It is this beautiful and everlasting city on earth that is here addressed. He waits that He may be gracious; that is both His desire and, in view of the Cross, His ability. But still He must wait till penitent faith in those atoning sufferings shall permit the righteous exercise of that grace. Then, in the next couplet, Jehovah must be exalted, or lifted up, that He may have mercy on His people. This has raised much discussion among commentators, but at least it is not unusual for the Lord's exaltation and man's salvation to be thus linked. In Ps. 108:5, 6, we find an illustration of it. The power to have mercy is dependent on the being lifted up, and I can but see an indirect suggestion of that which lies at the base of all scriptural revelation. If the first lines speak of the essentials on the part of Israel (and of us all), repentance and faith; these speak of the divine prerequisite, that "lifting up" or resurrection of which we get a direct view in chap. 52:13. There we see One, who a few hours before hung as a malefactor on a cross of shame, now exalted, raised, lifted up from the tomb, and in that resurrection lies the evidence of His power to have mercy. Then the last couplet of verse 18 gives the final reason for both the waiting and the lifting up, that "Jehovah is a righteous God," and can only act in righteousness, and that depends on faith on man's part and complete atonement on God's.
Israel's destiny, like ours, is to have a restful Home. Jerusalem shall be their rest from all their wanderings in alien lands, and there every token of divine love awaits them.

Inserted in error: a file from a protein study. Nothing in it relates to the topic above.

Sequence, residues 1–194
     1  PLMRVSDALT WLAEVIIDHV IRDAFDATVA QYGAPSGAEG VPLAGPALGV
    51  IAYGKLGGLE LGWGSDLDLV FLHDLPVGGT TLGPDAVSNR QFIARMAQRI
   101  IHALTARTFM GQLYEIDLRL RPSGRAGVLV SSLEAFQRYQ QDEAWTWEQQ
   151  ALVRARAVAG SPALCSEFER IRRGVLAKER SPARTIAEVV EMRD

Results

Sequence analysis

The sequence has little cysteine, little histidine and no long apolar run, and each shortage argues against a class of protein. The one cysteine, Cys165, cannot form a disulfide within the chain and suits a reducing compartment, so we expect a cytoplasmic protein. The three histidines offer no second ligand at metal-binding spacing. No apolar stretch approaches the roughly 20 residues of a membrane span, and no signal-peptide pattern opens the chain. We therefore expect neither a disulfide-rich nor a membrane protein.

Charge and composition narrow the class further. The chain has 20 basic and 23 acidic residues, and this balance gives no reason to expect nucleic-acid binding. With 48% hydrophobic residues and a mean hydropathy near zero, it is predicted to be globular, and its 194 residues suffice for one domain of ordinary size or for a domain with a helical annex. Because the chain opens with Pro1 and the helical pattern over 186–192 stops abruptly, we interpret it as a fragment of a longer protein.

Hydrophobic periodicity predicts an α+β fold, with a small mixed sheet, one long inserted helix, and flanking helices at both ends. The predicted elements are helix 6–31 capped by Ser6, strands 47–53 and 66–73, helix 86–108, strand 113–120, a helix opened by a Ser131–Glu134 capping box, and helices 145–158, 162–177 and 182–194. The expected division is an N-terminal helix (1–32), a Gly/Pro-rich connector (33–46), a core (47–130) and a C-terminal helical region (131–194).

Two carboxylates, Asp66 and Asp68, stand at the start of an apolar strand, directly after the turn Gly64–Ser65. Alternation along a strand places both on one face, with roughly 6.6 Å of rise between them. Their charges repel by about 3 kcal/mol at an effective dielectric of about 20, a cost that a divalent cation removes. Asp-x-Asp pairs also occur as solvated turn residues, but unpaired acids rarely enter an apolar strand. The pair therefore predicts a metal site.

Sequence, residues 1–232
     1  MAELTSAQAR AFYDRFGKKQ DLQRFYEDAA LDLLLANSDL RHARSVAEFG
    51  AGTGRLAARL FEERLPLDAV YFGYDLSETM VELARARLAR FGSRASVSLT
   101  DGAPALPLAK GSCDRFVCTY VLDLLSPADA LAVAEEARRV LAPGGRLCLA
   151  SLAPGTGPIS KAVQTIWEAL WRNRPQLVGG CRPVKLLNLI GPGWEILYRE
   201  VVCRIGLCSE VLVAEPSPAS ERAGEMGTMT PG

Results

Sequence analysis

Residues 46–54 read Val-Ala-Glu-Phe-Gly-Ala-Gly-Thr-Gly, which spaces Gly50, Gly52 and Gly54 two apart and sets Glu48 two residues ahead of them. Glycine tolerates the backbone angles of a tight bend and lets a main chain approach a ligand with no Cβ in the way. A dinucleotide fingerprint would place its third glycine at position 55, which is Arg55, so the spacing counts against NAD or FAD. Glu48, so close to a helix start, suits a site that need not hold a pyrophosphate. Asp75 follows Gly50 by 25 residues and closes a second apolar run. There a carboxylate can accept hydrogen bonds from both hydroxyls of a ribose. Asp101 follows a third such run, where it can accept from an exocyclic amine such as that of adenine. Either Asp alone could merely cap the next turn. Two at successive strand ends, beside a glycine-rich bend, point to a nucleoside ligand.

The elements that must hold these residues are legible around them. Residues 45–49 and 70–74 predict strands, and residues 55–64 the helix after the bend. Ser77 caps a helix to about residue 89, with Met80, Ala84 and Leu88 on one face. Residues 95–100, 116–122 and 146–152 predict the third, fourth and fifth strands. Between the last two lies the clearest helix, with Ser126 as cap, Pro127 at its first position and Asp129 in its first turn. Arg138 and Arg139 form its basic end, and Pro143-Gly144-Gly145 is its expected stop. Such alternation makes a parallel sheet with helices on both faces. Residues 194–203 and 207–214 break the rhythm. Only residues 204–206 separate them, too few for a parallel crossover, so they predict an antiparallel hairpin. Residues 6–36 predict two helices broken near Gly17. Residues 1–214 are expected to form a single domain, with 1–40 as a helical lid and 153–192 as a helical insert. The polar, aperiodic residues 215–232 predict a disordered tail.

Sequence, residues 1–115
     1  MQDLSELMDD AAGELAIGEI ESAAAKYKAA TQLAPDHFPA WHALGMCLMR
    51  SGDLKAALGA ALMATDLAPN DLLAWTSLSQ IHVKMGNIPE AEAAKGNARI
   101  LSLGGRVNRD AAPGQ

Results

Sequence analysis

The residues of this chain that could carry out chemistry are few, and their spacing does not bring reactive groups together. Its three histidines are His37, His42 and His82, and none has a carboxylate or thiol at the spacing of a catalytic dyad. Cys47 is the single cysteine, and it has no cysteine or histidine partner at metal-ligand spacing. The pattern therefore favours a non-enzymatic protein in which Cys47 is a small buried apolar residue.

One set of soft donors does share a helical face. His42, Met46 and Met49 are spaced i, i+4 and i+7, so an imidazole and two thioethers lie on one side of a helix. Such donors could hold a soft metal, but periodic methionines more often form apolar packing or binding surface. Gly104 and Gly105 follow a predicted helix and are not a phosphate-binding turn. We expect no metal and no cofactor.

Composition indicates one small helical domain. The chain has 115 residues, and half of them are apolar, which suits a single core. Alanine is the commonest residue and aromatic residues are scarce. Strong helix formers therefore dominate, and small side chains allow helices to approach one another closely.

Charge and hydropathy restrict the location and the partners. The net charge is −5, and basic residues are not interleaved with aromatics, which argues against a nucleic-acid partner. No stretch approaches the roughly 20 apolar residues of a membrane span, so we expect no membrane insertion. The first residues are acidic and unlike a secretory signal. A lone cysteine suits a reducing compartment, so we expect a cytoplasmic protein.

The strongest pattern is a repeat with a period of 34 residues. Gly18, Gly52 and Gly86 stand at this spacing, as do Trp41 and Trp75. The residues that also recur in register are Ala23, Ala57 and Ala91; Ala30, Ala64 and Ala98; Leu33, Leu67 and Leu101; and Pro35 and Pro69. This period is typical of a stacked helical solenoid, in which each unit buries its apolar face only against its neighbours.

Jehovah then lets His people know that He has been neither ignorant of, nor indifferent to the sorrows through which they have passed. He has indeed fed them with the bread of affliction; but now that chastisement has done its work, their teachers shall no more be hidden. Up to that time He had been teaching them indeed, but in a veiled way, and by sorrows and adverse providences hard to understand. Thus, I take it, the "hidden teachers" are the bread and water of affliction. But from now on He will guide in a very different way, as in that book which "reveals" what this only hints, "The Lamb which is in the midst of the throne shall feed them, and shall lead them to living fountains of waters," so that at every branching of roads, they shall not be in the slightest perplexity, but shall hear a voice behind them plainly telling them which is the right way. Would that you and I, reader, walked so closely with the same Lord that, in those many perplexities as to which path to take, that constantly arise in life, we too might hear that gracious directing voice; for surely if "all the promises of God" are "yea" in Christ, this one, being of a spiritual character, must be included.